To clearly undertake an analysis of the ethical issues associated with tax evasion and tax avoidance, it is important to gain an understanding of the terms. Kellough (1995) defined tax evasion as a corporation's willful and deliberate failure to pay legally owed taxes or the willful and deliberate structuring of an organization's affairs in violation of existing tax laws.Other scholars have noted that for a taxation practise to be considered tax evasion, two conditions must be met: the first is that the corporation intends to engage in deceit, fraud, or corruption, and the second is that the firm does not pay its tax liability (Hasseldine and Morris, 2013).Based on the conditions indicated by Hasseldine and Morris (2013), the main difference between tax avoidance and tax evasion is that the latter entails a deliberate intention to deceive the tax authorities, thus the firm does not make the legally required tax payments. Based on the definition, a company that engages in unsuccessful practises of tax avoidance cannot be considered to have engaged in tax evasion, as tax avoidance entails steps aimed at avoiding tax liability without engaging in any illegal acts. However, based on the definitions, the line between tax evasion and tax avoidance is vague. Based on the lack of clear separation of the two concepts in ethical terms, with the definition mostly indicating the difference in terms of the legality of the concepts, Tax evasion and tax avoidance are both unethical for a variety of reasons, as illustrated by the IKEA case study. IKEA's practises are unethical from a consequentialist ethical standpoint due to the negative effects of their practises on society, as well as from a deontological standpoint due to their failure to respect not only the letter and spirit of the law, but also the rights of communities, competitors, nations, individual tax payers, and other stakeholders (Killian, 2006).First, tax evasion and tax avoidance can lead to an increase in social inequality as they benefit the wealthiest in society—both the highly profitable MNCs such as IKEA Group and the high-net-worth individuals such as the Kamprad family and their associates. The inequalities occur because the majority of the members of society who are salary and wage earners as well as the other tax payers cannot afford to hire the expensive accountants and lawyers who devise the genius plans to find the tax loopholes in the legislation (Templeman, 2001). Therefore, tax avoidance and, by extension, tax evasion contribute to societal inequalities as the rich become richer. According to Wolff (2012), the top 1% of society's average wealth increased by approximately 71% between 1983 and 2010.The view here is that various schemes by wealthy corporations, such as IKEA's complex tax arrangement, significantly contribute to societal inequality. Stiglitz (2012) supported the argument for societal inequality by stating that the argument that when the rich people in society gain more wealth, it is good for economic growth has many flaws, the most important of which is that growing inequality between the rich and the poor frequently threatens the society's democracy and can even lead to the destruction of the society through social unrests.
Secondly, tax evasion and avoidance significantly contribute to the undermining of the compliance culture as they undermine the tax system’s integrity, leading to weaker compliance. The aggressive tax planning undertaken by IKEA has led to the company avoiding tax payments of approximately €1 billion in the EU for a period of 5 years (2009–2014). Such a practice, according to the OECD (2011, p. 255), leads to threats to the tax yields of the countries, thus leading to perceptions of unfairness in the tax system. If such practises are left unchecked, especially in the current economic climate of depressed taxes due to the impacts of COVID-19, such perceived unfairness can significantly reduce the general level of tax compliance by corporations and individuals. The above scenario of lower tax compliance is based on the psychological concept of perception of distributive fairness, which states that when other individuals or corporations face higher tax burdens, they will be less likely to comply with existing tax laws (Verboon and Goslinga, 2009).
Thirdly, tax avoidance also leads to unfair competition between corporations as it gives them an advantage over domestic firms that cannot afford to set up the complex web of taxation. By avoiding significant taxes, such as in the case of IKEA, which ships profits to tax havens and other shadowy organisations that make no tax payments, the profits that are not taxed can be reinvested by the organizations, while the domestic-based firms would face tight cash flows as they are taxed more, thus reducing their ability to reinvest as compared to the MNCs. Christensen and Murphy (2004) noted that the unleveled playing field hurts the ability of the indigenous firms to compete with the MNCs. A company that operates in the UK in the same sector will not pay a greater amount in taxes as compared to IKEA, as the latter would reduce its profits in the UK by shifting the profits to the Netherlands and Luxemburg, where they have preferential tax arrangements.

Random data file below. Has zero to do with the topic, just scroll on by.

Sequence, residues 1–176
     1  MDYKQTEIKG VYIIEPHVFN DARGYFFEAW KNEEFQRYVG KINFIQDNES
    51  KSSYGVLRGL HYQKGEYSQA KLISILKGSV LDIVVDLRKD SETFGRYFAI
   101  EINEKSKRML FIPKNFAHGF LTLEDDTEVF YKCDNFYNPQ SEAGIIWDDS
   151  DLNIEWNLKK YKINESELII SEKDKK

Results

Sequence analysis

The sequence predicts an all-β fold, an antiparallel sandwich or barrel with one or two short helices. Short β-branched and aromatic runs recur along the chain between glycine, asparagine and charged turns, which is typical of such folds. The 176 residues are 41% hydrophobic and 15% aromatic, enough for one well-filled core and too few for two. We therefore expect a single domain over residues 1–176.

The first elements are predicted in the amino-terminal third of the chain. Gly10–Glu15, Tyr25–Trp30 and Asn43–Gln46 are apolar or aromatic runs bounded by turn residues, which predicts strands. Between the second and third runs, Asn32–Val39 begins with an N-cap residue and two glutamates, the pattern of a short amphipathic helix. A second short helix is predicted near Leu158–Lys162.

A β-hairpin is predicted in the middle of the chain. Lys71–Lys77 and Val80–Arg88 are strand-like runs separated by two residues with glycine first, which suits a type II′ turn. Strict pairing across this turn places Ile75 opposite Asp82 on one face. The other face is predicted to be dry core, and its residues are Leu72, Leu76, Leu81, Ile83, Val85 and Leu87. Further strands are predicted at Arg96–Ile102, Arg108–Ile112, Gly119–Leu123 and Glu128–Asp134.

Apart from the above, tax evasion and tax avoidance also lead to the erosion of the tax base of the originating country. The profits earned by IKEA in various EU, Asian, and other countries are shifted to Belgium, Luxembourg, and the Netherlands, thus IKEA does not contribute to the common good. Because taxes are used to benefit society, there would be a decline in societal welfare without them. IKEA reduces tax revenues in the countries where it operates by shifting profits to its home country, where taxation is domiciled. The result is that a higher tax burden is passed on to other taxpayers. Further, it also hurts and violates the social contract that the organisation has with the host community. Corporate social responsibility literature indicates that MNCs must contribute their fair share of taxes to the countries and societies where they have their operations (Sikka, 2010). The governments set up the legal, social, and economic infrastructure that the MNEs use; without a well-functioning society, the MNEs would not be able to succeed. Taking the case of the UK, the UK government educates the labour force and creates the other infrastructure as well as the legal systems that are funded with tax dollars. IKEA uses such tax-funded resources and infrastructure but then does not accept to pay the taxes within the jurisdiction of the country, thus making the practises unethical.
On the other hand, others have indicated that tax avoidance is ethical, with the majority of the arguments in the literature defending tax avoidance primarily focused on the individual rather than corporate tax practices. It is important to note that such a limitation weakens the strength of such arguments when they are applied to MNCs. One argument that has been advanced by those who consider tax avoidance to be ethical is that taxation is not a moral issue, for instance. Haughton (1979, p. 100) noted that taxation is not based on any morals and that the payments of taxes cannot be viewed as being fair as the taxation laws are based on what the tax acts state, and in the event that there are doubts, such doubts can only be cleared by the courts. The argument is that the corporation or individual is not responsible for loopholes like those exploited by IKEA, but rather that the problem arises during the drafting of tax legislation. The argument deflects from the responsibility of the organisations as part of their CSR. Freedman, another proponent of the above view, indicated that leaving the tax payment obligation in the hands of corporations is an abdication of the responsibility of the government as the laws are not clear about the spirit of the law and the ethics (Freedman, 2007). However, such an argument fails to be convincing as there are a number of elements in society where firms act in ethical ways without looking to the government to incorporate such elements in the spirit of the law.